“The pace of life” was the title of a 1976 paper in Nature in which Marc and Helen Bornstein did something very simple: they went to 15 cities in Europe, Asia, and North America, and simply measured the rate of walking of unwitting subjects over a marked, 50-foot stretch of pavement on sunny days of moderate temperature. What they found is summarized in this graph from their paper, which shows that people from larger cities walk significantly faster. There was a threefold difference between the smallest and largest towns!
Their interpretation, which they based on the work of psychologist Stanley Milgram, was a bit dicey: they suggested that larger towns overload the mental processing ability of their inhabitants, and so the people simply walk faster in bigger towns “to minimize environmental stimulation.” There are, of course, other interpretations—I’m sure you can think of a few. (Rushing to and from work over larger distances is one.)
Regardless, this was one of those crazy but appealing ideas that we scientists get sometimes, and testing it did point to something interesting. I’m sure, though, that these results would no longer be publishable in Nature.
This is by way of introducing another crazy idea I had a while back, and have been chewing over for some time. It’s also about “the pace of life,” but about the pace of our entire lives. If you’ve lived a substantial time, as I have, you may have noticed that the seasons and years seem to be passing more quickly than when you were younger. This summer, for instance, seems to me to have vanished in a flash. And I’ve noticed this more strongly as I’ve gotten older.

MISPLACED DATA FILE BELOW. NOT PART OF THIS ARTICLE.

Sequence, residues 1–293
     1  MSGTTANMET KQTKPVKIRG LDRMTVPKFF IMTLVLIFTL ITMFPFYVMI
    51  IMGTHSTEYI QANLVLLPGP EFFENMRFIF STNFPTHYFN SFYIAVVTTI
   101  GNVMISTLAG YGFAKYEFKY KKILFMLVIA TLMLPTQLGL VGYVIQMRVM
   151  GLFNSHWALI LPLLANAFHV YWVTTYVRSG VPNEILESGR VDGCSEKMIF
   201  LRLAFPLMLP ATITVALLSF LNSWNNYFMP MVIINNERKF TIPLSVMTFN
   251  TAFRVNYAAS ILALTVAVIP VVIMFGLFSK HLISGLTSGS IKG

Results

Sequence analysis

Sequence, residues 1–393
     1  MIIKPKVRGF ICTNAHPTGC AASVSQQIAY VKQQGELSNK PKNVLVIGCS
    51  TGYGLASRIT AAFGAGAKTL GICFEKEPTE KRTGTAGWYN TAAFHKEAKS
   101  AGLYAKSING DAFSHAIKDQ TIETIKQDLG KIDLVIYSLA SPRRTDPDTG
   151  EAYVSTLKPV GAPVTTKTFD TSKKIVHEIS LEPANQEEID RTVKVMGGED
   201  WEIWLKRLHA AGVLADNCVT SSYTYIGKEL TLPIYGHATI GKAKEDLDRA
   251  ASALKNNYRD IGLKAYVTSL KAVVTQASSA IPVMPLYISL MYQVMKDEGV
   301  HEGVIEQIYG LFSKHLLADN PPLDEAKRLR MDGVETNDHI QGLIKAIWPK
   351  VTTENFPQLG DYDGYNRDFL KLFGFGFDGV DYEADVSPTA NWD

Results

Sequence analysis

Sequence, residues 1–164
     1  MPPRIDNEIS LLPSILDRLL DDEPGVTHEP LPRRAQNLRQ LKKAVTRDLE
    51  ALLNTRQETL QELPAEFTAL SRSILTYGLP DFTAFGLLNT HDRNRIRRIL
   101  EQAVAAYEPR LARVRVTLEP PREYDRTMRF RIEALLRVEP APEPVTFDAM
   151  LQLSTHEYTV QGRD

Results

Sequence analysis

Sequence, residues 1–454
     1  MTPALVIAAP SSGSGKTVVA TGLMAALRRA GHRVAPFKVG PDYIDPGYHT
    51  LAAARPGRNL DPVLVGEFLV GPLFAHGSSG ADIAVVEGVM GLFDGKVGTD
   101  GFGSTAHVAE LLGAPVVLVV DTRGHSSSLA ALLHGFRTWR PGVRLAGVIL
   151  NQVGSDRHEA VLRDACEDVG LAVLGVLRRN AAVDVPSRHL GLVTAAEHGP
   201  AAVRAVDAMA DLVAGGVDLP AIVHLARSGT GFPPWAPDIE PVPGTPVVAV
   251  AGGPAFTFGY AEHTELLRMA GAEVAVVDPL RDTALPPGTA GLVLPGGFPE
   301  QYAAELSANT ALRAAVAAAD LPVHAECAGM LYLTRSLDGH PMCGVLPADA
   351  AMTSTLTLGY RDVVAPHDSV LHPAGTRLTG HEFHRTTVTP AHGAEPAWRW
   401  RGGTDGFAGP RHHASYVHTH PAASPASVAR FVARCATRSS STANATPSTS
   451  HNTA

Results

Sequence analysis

So I made a hypothesis: one sees the passage of time in relation to the length of one’s past life. The duration of each moment is weighed in relation to how many moments have gone before, and so seems more fleeting when you’ve experienced more moments. And that’s why, for older people, time seems to pass more quickly. An alternative hypothesis is that as one gets closer to the close of one’s life, one senses “time’s wingèd chariot” more prominently, so time seems to pass more quickly because you don’t have as much left. (I call this the Raitt Hypothesis after Bonnie Raitt’s song, “Nick of Time,” which includes this lyric: “Life gets mighty precious when there’s less of it to waste.”)
Both of these theories, however, predict that as one gets older, one’s perception of time becomes compressed.
I realize that this is just a dumb idea, but it’s eminently testable. Here’s my experiment: take a number of people of different ages, put them in a room, and ask them to tell you when an hour has passed. Of course, you can’t let them count (that’s why I suggest an hour rather than a minute), and perhaps there should be some distraction so that people are doing quotidian tasks when asked to judge the time elapsed. My hypothesis would predict that older people would think that an hour had gone by after a shorter time than younger people; in other words, there would be a negative correlation between age and actual time elapsed.
I’m not aware that anyone has done such an experiment, though it’s an obvious idea, and maybe the notion is flawed, but surely a significant correlation (either positive or negative) would mean something. If anything has been published on it—because, of course, I’ll never actually do this experiment—let me know.
Does this sound totally off the wall?
Just to round out this post, here’s an apposite song from 1966: ”Time,” by the Pozo Seco singers. It was their only hit, but it was popular in the U.S. If you remember this, you’re old enough to have noticed how time seems to be passing faster.